I INSOLVENCY LAW, POLICY AND PROCEDURE

i Statutory framework and substantive law

French law provides for a well constructed and well tested legal framework to restructure distressed companies, with various pre-insolvency and insolvency proceedings intended to address a wide range of situations. The major reform that took place in 2005 with the introduction of a Chapter 11-type debtor-in-possession procedure known as 'safeguard' and subsequent adjustments significantly improved French insolvency law, which is now considered one of the most effective in Europe.

A French company is considered to be insolvent (in 'cessation of payments') when due and payable debts exceed available assets. It must file for insolvency within 45 days of the occurrence of such situation.

Fraudulent conveyance rules apply to transactions entered into by the debtor between the date of the debtor's cessation of payments (which the court can determine occurred up to 18 months before the insolvency filing) and the commencement of the insolvency proceedings. They provide that certain transactions or payments2 entered into during that period are void, and that any other transaction or payment entered into during that period is voidable if the counterpart was aware of the debtor's cessation of payments.

ii Policy

Traditionally, French insolvency law favours the continuation of business and the preservation of employment over the interests of the creditors. However, several adjustments improving the situation of the creditors were recently made in the law, in particular to facilitate pre-packaged sale plans, allow creditors to propose alternate reorganisation plans and facilitate debt-to-equity swaps when existing shareholders refuse to vote in favour of such measure.

iii Insolvency procedures

Pre-insolvency proceedings include mandat ad hoc and conciliation. Both essentially consist of a mediation conducted under the authority of a mediator appointed by the court upon request of the company, in order to help it reach an agreement with its creditors, in particular by reducing or rescheduling its indebtedness. The debtor can determine, at its discretion, which creditors will be involved in the process. Agreements reached through such proceedings are non-binding on third parties, and the court-appointed mediator has no authority to force the parties to accept an agreement. These proceedings are confidential, subject to one exception: if the conciliation culminates in an agreement that is approved by the court upon request of the debtor company, then such approval becomes public. In addition, if such an approval is granted, creditors that provided new money during the conciliation proceedings or as part of the conciliation agreement will enjoy a priority of payment over all pre-petition and post-petition claims in the event of subsequent insolvency proceedings. Mandat ad hoc has no maximum duration, but typically lasts between a few months and a year. Conciliation cannot exceed five months.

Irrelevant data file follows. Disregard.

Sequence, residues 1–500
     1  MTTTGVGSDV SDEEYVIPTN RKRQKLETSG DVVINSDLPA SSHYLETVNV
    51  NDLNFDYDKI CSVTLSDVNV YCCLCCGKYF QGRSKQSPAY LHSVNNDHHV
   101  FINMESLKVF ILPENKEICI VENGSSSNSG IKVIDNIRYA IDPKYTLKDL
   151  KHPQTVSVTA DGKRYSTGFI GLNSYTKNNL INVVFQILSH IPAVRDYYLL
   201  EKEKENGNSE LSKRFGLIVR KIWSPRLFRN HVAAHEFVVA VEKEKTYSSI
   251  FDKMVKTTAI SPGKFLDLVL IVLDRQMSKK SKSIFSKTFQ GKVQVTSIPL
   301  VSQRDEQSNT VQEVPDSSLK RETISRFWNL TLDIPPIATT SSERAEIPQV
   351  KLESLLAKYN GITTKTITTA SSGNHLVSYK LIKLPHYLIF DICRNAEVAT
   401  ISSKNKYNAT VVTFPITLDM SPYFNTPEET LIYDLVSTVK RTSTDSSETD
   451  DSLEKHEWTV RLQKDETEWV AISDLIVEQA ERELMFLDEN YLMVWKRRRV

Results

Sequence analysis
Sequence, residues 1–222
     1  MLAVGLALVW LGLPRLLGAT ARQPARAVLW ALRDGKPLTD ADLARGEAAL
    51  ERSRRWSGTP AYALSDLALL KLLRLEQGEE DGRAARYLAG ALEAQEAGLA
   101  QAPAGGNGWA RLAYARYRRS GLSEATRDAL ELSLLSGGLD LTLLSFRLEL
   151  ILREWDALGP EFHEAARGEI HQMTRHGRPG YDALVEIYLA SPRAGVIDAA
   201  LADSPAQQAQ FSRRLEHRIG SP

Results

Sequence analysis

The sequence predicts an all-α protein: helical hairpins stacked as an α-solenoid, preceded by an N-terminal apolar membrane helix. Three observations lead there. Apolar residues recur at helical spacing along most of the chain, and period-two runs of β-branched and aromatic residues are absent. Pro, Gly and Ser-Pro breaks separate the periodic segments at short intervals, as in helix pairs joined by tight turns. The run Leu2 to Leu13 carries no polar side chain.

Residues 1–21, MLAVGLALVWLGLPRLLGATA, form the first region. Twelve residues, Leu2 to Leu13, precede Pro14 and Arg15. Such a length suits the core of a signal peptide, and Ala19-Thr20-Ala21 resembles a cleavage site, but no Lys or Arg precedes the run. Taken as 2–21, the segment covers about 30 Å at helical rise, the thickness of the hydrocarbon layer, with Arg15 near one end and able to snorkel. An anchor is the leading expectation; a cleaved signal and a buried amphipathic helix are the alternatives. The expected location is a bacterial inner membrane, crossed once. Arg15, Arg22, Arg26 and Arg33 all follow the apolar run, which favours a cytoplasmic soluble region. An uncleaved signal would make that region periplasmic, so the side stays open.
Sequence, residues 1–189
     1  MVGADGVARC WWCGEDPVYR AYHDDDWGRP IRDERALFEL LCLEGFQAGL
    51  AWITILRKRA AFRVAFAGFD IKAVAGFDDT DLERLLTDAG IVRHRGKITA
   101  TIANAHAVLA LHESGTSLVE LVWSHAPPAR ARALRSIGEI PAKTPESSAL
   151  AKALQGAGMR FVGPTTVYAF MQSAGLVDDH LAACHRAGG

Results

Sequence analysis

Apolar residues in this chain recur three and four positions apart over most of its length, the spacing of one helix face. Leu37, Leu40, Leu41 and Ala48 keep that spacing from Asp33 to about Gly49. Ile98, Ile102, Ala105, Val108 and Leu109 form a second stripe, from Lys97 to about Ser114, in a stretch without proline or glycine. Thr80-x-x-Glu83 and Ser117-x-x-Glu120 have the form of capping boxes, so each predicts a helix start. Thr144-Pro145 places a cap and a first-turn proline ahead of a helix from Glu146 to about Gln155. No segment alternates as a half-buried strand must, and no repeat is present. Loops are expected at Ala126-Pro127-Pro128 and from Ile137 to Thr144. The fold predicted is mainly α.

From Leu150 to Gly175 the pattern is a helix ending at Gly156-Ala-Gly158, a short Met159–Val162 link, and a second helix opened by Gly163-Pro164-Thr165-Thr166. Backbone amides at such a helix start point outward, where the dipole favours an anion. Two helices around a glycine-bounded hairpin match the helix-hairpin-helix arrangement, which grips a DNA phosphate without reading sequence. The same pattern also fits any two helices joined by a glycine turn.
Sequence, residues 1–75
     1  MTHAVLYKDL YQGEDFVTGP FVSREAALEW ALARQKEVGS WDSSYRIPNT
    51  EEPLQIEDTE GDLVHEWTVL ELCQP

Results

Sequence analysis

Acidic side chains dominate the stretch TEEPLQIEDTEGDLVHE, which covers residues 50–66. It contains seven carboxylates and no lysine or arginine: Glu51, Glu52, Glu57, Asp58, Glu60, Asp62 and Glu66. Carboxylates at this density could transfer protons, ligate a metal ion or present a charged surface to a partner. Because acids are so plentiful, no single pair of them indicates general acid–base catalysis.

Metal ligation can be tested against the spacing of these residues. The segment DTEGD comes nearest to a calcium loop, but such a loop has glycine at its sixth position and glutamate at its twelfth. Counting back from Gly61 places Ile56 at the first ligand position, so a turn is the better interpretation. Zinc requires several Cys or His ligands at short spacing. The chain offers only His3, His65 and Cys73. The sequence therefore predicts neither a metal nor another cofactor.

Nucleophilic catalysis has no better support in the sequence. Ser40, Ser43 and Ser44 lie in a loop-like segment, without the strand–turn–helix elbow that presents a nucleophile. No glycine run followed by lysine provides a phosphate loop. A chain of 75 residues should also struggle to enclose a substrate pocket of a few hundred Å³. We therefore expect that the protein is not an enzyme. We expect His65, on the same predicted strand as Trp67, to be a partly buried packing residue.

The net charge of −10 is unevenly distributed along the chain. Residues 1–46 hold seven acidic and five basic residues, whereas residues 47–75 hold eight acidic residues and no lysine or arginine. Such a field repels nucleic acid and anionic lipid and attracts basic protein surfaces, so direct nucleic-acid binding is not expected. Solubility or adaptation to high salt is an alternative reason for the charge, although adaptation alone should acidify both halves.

Insolvency proceedings include safeguard proceedings – with two variations: accelerated safeguard and financial accelerated safeguard, judicial reorganisation proceedings and judicial liquidation proceedings. These insolvency proceedings are similar to proceedings existing in other jurisdictions. They are not confidential and must involve all of the creditors. They result in a stay on creditors' enforcement actions for pre-petition claims.

Safeguard and judicial reorganisation proceedings are intended to reorganise the debtor through the implementation of a reorganisation plan that may provide for debt write-offs, debt rescheduling, debt-to-equity swaps, modification of interests rates, amendments of financial covenants or cash contributions to the debtor, by existing stakeholders or newcomers, by way of debt or equity. Plans also frequently contain downsizing commitments by the debtor, such as commitments to dispose of part of the business, or to downsize the workforce and to change all or part of the management team.

In the case of large companies (companies with more than 150 employees or annual sales of more than €20 million), the reorganisation plan must be approved by two committees comprised of the financial creditors and the main trade creditors. In each committee, the majority required for approval is a two-thirds majority of the creditors expressing a vote, based on value. In addition, if the debtor has issued bonds, bondholders must also approve the plan based on the same two-thirds majority. All bondholders vote as a single group, even if there are several bond issues, series or tranches. In the absence of creditors' committees, or if the committees or bondholders did not vote in favour of the proposed reorganisation plan, creditors are consulted individually on the debt write-offs and debts rescheduling proposed by the debtor.